The Golden Rule Workshop

Understanding the importance of context and interpretation when reading the Bible.

What you’ll need

Just yourselves.


Presumptions and assumptions (30)

Old or New?

Explain to the participants that one side of the room represents the Old Testament, the other the New Testament.

One by one, read out the Bible quotations below (without saying which testament they belong to). Without conferring, ask everyone to pick which side of the room they think the quote belongs to. If students are divided in opinion, ask them to explain their choices (this should bring out people’s assumptions about the nature and context of the biblical Testaments).

After each quote, reveal which Testament it belongs to. 

Quotes (New Revised Standard Version)

Ask, and it will be given you; search, and you will find; knock, and the door will be opened for you

NT = Matthew 7

And if a house is divided against itself, that house will not be able to stand

NT = Mark 3

God is our refuge and strength, a very present help in trouble. Therefore we will not fear, though the earth should change

OT = Psalm 46

Let love be genuine… Rejoice in hope, be patient in suffering, persevere in prayer. Contribute to the needs of the saints; extend hospitality to strangers

NT = Romans 12

So do not worry about tomorrow, for tomorrow will bring worries of its own. Today’s trouble is enough for today

NT = Matthew 6

If your hand causes you to stumble, cut it off; it is better for you to enter life maimed than to have two hands and to go to hell, to the unquenchable fire

NT = Mark 9

Send his angels, and they will collect out of his kingdom all causes of sin and all evildoers, and they will throw them into the furnace of fire, where there will be weeping and gnashing of teeth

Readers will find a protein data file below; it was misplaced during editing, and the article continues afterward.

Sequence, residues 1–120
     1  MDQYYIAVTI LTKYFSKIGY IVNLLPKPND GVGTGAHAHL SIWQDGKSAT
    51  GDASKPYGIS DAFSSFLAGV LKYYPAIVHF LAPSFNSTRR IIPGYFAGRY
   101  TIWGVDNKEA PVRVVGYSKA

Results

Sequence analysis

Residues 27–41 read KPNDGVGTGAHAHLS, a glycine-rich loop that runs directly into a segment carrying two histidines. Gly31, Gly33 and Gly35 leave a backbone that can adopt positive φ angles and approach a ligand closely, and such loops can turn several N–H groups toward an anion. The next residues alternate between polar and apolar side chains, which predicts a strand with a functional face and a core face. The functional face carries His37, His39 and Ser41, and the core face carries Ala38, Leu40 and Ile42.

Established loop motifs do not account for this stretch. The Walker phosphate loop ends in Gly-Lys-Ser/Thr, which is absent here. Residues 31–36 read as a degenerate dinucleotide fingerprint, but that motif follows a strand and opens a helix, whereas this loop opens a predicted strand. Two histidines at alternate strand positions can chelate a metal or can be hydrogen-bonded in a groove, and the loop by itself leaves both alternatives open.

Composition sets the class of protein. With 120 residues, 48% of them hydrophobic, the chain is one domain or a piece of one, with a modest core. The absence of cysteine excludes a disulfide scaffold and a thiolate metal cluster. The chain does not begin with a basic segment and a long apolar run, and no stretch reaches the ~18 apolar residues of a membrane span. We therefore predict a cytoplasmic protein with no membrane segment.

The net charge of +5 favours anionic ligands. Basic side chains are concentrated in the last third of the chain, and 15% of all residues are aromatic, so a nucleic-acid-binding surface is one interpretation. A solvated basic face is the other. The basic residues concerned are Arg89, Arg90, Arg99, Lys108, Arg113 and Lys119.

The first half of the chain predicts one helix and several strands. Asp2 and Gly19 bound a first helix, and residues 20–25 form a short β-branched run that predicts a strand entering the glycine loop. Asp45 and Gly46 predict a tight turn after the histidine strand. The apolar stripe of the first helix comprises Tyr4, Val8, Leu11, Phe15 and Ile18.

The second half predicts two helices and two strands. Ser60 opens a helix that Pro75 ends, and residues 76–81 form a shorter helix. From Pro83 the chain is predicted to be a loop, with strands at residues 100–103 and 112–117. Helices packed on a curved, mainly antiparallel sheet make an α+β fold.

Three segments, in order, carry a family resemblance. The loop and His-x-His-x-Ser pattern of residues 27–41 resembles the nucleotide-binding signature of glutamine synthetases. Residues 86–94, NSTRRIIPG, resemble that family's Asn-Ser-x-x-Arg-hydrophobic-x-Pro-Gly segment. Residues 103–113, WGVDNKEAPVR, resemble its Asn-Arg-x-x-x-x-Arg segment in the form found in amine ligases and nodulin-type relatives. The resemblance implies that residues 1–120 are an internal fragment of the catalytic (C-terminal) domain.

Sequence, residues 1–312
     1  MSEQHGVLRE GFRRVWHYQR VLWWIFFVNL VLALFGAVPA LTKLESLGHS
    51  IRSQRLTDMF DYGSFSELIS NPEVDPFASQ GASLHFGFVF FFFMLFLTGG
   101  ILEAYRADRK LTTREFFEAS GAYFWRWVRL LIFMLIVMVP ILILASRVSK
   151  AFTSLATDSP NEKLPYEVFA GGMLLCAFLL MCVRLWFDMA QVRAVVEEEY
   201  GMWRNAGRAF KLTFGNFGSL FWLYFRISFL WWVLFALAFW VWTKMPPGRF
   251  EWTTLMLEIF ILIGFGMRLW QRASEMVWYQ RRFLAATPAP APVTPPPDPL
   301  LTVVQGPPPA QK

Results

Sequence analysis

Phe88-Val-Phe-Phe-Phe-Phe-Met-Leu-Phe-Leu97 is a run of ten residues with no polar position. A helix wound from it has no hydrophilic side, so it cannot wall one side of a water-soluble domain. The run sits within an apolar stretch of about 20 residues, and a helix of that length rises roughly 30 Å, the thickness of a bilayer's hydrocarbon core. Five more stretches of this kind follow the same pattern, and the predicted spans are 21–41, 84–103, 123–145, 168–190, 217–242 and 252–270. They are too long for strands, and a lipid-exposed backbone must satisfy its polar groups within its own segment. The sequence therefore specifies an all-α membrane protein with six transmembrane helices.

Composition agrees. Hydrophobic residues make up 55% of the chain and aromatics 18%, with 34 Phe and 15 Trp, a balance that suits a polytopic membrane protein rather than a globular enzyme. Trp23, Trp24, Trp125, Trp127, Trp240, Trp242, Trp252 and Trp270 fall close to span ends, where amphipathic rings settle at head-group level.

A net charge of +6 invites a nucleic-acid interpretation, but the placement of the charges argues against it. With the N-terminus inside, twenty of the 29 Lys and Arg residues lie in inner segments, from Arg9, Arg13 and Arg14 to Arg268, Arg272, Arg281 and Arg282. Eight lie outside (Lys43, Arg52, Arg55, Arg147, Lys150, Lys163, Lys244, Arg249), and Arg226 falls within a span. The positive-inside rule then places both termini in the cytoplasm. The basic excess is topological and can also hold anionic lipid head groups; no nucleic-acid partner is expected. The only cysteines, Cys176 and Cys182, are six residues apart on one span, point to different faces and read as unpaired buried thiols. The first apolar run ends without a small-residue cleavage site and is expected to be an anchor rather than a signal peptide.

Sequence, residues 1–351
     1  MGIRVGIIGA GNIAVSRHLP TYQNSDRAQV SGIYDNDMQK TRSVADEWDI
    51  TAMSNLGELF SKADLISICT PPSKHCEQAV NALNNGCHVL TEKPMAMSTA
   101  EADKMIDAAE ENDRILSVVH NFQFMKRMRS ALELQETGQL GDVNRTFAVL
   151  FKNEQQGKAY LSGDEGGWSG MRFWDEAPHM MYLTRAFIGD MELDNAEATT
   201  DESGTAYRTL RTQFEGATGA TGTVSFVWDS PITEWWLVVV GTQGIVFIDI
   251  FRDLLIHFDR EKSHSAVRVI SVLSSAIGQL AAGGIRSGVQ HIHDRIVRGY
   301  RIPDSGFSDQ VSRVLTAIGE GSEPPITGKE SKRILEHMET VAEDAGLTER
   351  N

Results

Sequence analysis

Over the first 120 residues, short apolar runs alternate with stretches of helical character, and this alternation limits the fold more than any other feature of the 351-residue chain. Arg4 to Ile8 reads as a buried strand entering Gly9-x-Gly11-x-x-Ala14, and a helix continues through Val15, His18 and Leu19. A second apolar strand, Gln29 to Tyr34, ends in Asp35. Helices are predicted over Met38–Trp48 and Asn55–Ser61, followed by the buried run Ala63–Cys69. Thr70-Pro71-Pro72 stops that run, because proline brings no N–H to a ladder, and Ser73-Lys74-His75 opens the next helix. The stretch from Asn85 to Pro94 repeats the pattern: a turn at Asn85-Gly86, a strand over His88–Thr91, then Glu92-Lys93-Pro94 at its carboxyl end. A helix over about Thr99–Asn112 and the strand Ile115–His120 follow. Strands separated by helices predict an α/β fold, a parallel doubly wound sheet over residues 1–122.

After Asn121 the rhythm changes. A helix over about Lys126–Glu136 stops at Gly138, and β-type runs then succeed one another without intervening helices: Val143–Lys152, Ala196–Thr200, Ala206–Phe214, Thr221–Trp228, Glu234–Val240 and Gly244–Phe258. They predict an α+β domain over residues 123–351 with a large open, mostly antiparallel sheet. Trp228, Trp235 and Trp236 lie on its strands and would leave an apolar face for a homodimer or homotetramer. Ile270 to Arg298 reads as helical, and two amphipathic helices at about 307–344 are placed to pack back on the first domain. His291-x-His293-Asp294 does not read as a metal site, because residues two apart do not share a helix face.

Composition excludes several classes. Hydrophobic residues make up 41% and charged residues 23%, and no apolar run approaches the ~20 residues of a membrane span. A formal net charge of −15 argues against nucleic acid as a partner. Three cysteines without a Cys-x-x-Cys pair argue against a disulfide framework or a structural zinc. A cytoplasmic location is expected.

NT = Matthew 13

Do not rejoice when your enemies fall, and do not let your heart be glad when they stumble

OT = Proverbs 24

If any harm follows, then you shall give life for life, eye for eye, tooth for tooth, hand for hand, foot for foot

OT = Exodus 21

Ask the group: Can anyone think of a later biblical passage where this message in Exodus is directly referenced and rewritten?

Women should be silent in the churches. For they are not permitted to speak, but should be subordinate

NT = Corinthians 14

For surely I know the plans I have for you, says the Lord, plans for your welfare and not for harm, to give you a future with hope

OT = Jeremiah 29

You shall not take vengeance or bear a grudge against any of your people, but you shall love your neighbour as yourself: I am the Lord

OT = Leviticus 19

If a man commits adultery with the wife of his neighbour, both the adulterer and the adulteress shall be put to death

OT = Leviticus 20

Ask: again, can anyone think of another passage in the Bible where this attitude is revised?

We love because he first loved us

NT = John 4

Do to others as you would have them do to you

NT = Luke 6

Care to venture further?

In pairs (or as a group if preferred), ask the participates to discuss which quotes they guessed correctly and which ones they didn’t.

Were you surprised by any of the quotes? When you didn’t recognise the quote, how did you decide where to place it? What assumptions did you make in order to make what you thought was an ‘educated guess’?

Now, as a group, discuss what patterns of assumptions were made during the activity and where you think these assumptions might have come from, i.e. did lots of people assume that the violent/revengeful quotes were all from the Old Testament and that those about love were from the New one?


The incredible importance of context (20)

There are lots of passages from the Old Testament that Jesus, or the New Testament generally, revised. For example, our previous Old Testament quote from Exodus 21 (“eye for an eye”) is revised during Jesus’ Sermon on the Mount in which he says “you have heard that it was said, ‘an eye for an eye and a tooth for a tooth.’ But I say to you: Do not resist an evildoer” (Matthew 5:38-39). The idea of forgiveness is also noticeable in the story of the adulterous woman in which Christ demands “let anyone among you who is without sin be the first to throw a stone at her” (John 8:7).